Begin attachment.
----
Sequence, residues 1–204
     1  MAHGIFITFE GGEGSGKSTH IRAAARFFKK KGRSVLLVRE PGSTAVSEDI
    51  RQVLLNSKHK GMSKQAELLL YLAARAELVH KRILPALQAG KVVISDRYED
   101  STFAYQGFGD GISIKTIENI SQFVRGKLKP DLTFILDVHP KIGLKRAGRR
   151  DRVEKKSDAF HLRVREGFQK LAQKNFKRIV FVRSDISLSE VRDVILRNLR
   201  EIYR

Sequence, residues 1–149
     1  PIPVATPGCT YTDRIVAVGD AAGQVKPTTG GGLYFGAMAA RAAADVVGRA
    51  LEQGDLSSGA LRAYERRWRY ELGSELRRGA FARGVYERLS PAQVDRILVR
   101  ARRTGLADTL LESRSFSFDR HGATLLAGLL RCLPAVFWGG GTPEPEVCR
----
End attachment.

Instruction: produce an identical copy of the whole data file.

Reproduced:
Sequence, residues 1–204
     1  MAHGIFITFE GGEGSGKSTH IRAAARFFKK KGRSVLLVRE PGSTAVSEDI
    51  RQVLLNSKHK GMSKQAELLL YLAARAELVH KRILPALQAG KVVISDRYED
   101  STFAYQGFGD GISIKTIENI SQFVRGKLKP DLTFILDVHP KIGLKRAGRR
   151  DRVEKKSDAF HLRVREGFQK LAQKNFKRIV FVRSDISLSE VRDVILRNLR
   201  EIYR

Sequence, residues 1–149
     1  PIPVATPGCT YTDRIVAVGD AAGQVKPTTG GGLYFGAMAA RAAADVVGRA
    51  LEQGDLSSGA LRAYERRWRY ELGSELRRGA FARGVYERLS PAQVDRILVR
   101  ARRTGLADTL LESRSFSFDR HGATLLAGLL RCLPAVFWGG GTPEPEVCR